This week, the Senate officially confirmed Michael Langley as its’ newest four-star general.
Why It Matters: Langley is the very first Black four-star general. His new assignment as commander of U.S. Africa Command marks a huge milestone for the Marine Corps, who previously approved promotions for a handful of Black generals to the three-star rank, but never four stars until now.
By Comparison: The United States Marine Corps has existed for more than 240 years and in that time, according to the Washington Post more than 70 white men were promoted to the rank of four-star Marine Corps generals.
DoD Autism Care Program Extended
In 2014, a program called Tricare Comprehensive Autism Care Demonstration began as a way to offer care to military dependents diagnosed with Autism Spectrum Disorder. This program had established an end date in 2023, but the DoD has announced changes to those plans.
What’s Changing? The Defense Department plans to extend the program until 2028. This was done to provide more time to evaluate how it is working, and further study its results. This is the latest round in a series of changes to how TRICARE approaches autism care.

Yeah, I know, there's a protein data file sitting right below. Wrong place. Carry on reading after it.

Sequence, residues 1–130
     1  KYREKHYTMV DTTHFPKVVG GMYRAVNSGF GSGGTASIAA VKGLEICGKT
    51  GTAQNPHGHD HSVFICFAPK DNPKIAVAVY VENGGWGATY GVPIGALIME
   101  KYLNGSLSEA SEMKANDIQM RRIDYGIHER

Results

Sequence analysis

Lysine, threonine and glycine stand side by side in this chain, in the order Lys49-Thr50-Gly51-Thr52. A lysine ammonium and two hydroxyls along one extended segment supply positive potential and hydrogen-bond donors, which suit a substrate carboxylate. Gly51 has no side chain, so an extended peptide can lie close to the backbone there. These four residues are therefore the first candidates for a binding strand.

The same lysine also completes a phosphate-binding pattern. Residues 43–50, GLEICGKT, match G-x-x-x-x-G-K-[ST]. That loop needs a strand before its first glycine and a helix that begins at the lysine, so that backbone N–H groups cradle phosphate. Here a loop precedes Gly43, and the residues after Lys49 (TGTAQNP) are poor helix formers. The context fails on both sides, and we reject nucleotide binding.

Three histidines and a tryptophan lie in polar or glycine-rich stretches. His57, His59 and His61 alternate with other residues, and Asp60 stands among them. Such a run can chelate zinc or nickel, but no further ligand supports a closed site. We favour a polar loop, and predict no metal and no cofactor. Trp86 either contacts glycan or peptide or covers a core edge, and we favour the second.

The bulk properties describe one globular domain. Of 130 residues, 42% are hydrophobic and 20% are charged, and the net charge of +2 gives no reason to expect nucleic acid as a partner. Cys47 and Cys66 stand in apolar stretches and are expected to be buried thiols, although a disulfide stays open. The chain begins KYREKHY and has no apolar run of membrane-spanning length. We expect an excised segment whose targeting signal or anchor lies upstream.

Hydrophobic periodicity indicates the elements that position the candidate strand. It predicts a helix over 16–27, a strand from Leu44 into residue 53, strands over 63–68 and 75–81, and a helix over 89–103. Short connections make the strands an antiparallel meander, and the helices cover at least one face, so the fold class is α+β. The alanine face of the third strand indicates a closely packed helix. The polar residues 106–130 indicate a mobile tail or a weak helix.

Why The Changes? Some sources report on a 2020 DoD report submitted to Congress which notes that in the past some autism care “is not working” for those using TRICARE. A year later a different DoD report noted major improvements for some who received autism care, but a significant number (more than 40%) had no improvements or actually got worse during the program.
There are numerous questions that still need to be answered about the program and the effectiveness of its approach. The extended sunset date allows researchers to continue addressing those issues.
Who Is Affected? There are some 16 thousand children enrolled in this program at press time.
Former Soldier Convicted Of Six Counts Related To January 6th
Former soldier Thomas Robertson was found guilty on all counts in the second jury trial related to the January 6th mob attack on the United States Capitol.
The Result: The Associated Press reports federal prosecutors are requesting an eight-year prison term for a Virginia police officer and Army veteran convicted of participating in the Capitol insurrection on January 6th in Washington D.C.
What Robertson Did: Former Police Sergeant Thomas Robertson was found guilty of blocking police officers trying to manage the mob at the Capitol on the 6th. Robertson’s actions may also have put him in the “stolen valor” category; some sources report he claimed to be an Army Ranger though his service records did not reflect that duty.
Prosecutors also say Robertson claimed to have been awarded a Purple Heart. Robertson was charged with a number of crimes including the accusation that he entered the Capitol with a large stick meant as a weapon.
By Comparison: As mentioned above, prosecutors are asking for eight years for Robertson. Fellow rioter Guy Reffitt got seven years and three months. Reffitt, a Texas follower of the hate ideology loosely organized as “Three Percenters”, was convicted of attacking the Capitol with what the Associated Press describes as a “holstered handgun”.